Fraser Institute Report Looks into SC Ruling on Aboriginal Title

A new study conducted by an independent, non-partisan Canadian public policy think-tank, namely the Fraser Institute, has found that the recent ruling of Supreme Court of Canada that entitles a group of six B.C. First Nations to claim a large piece of land outside their reserves will have unexpected national implications and is anticipated to stunt economic development across Canada.

The study entitled ‘A Real Game Changer’ looked into and explored the ruling, which granted more than 1,700 square kilometres of land in B.C.’s Interior to the Tsilhqot’in Nation. The study author and associate director of Aboriginal policy studies at the Fraser Institute, Ravina Bains, stated that “this Court ruling all but guarantees increased uncertainty for natural resource projects in Canada and a potential increase in cost for economic development across the country. In provinces like British Columbia, future natural resource projects may be scuttled, and existing projects may be halted or shut down.”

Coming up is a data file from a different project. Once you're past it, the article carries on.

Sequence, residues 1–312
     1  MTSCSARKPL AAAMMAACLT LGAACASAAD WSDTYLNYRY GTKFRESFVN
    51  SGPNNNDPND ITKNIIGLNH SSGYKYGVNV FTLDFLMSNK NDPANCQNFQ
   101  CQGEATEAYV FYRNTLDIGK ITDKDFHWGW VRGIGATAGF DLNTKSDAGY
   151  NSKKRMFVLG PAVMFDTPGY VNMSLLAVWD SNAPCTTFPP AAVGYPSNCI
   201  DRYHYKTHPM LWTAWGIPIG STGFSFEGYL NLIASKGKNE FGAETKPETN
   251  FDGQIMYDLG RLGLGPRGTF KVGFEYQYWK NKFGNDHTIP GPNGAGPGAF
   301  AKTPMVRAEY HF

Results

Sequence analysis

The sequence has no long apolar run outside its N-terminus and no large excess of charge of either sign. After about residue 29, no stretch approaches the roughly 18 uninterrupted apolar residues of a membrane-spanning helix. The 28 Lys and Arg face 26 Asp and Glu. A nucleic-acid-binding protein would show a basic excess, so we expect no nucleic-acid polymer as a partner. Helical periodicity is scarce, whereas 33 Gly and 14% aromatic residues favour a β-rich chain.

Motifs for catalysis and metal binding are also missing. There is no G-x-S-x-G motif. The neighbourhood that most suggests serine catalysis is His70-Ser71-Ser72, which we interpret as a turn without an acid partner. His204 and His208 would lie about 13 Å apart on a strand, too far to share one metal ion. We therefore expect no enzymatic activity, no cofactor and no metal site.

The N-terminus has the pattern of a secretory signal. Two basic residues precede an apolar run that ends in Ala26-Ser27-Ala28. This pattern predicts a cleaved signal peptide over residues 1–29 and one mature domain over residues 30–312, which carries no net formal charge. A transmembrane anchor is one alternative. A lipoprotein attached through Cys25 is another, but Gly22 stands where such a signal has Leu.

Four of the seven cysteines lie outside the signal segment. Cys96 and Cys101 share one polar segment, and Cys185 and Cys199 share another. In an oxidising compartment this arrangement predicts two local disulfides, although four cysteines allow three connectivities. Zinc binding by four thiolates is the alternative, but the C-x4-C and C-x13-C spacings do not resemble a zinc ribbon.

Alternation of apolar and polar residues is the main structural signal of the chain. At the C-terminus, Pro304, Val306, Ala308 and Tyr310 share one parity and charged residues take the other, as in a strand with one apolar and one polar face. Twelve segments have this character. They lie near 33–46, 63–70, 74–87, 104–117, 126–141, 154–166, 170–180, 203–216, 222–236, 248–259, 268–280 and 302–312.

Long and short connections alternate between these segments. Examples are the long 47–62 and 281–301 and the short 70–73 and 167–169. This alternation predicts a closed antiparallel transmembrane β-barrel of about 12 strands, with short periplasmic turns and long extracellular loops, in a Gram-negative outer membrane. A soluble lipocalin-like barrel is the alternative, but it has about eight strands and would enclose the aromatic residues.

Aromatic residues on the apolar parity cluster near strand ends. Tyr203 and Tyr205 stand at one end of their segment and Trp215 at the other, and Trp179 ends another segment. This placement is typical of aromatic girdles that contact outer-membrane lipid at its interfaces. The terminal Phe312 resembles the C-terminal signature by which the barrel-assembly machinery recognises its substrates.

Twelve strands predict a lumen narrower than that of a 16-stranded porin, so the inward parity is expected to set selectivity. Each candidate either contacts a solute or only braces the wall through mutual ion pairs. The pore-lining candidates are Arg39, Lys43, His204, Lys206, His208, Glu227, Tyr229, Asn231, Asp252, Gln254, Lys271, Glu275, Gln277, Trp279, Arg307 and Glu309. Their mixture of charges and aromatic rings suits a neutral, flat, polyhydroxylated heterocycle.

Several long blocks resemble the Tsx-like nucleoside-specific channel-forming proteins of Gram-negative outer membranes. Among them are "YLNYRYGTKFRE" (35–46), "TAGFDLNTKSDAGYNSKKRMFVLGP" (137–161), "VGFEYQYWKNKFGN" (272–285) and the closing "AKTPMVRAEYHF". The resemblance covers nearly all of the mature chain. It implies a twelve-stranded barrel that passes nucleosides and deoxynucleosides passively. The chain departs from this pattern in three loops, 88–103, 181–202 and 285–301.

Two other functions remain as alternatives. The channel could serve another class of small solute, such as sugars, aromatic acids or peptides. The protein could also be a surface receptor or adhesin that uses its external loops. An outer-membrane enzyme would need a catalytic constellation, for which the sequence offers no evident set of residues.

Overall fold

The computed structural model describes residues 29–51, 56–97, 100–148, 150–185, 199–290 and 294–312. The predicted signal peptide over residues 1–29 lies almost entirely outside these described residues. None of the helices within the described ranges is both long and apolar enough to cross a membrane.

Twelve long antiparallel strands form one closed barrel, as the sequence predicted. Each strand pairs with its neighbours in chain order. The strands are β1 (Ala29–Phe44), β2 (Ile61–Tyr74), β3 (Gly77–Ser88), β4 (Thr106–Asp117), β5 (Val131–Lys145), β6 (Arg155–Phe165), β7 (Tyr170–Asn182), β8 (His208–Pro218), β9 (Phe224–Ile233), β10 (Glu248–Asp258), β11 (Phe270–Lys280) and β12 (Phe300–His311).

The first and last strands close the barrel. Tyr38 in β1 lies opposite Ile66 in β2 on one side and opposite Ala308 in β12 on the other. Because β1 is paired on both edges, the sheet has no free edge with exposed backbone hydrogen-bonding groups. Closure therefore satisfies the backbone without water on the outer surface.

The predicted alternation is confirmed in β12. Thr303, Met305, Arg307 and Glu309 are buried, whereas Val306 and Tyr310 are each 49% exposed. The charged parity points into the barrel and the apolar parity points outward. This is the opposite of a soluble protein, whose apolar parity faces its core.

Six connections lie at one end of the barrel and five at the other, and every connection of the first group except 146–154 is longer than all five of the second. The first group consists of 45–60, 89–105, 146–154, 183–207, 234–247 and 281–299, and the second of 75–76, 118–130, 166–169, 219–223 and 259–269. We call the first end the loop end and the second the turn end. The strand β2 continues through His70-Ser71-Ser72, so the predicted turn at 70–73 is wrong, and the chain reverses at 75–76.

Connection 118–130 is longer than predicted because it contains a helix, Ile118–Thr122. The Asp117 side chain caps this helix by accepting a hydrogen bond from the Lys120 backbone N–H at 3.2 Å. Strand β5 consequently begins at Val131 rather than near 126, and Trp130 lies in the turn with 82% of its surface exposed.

The report highlighted that it’s the first time in the history of Canada that a declaration of Aboriginal title, i.e. the right to land or territory, was recognized outside an Indian reserve. The report revealed that contradictory to previous judgments, this ruling allows Aboriginal communities to extent their title to all traditional territories and is not limited to specific villages. The decision has significant impact in B.C., since one-third of the country’s First Nations reserves are in B.C. and outstanding claims involve more than 100 per cent of the province’s land.

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